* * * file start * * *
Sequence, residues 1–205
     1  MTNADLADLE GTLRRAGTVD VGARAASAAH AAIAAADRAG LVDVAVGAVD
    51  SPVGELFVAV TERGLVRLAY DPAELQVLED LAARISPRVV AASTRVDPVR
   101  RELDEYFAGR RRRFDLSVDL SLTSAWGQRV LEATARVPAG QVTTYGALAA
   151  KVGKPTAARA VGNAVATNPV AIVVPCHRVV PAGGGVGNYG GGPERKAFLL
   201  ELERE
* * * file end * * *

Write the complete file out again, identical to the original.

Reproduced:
Sequence, residues 1–205
     1  MTNADLADLE GTLRRAGTVD VGARAASAAH AAIAAADRAG LVDVAVGAVD
    51  SPVGELFVAV TERGLVRLAY DPAELQVLED LAARISPRVV AASTRVDPVR
   101  RELDEYFAGR RRRFDLSVDL SLTSAWGQRV LEATARVPAG QVTTYGALAA
   151  KVGKPTAARA VGNAVATNPV AIVVPCHRVV PAGGGVGNYG GGPERKAFLL
   201  ELERE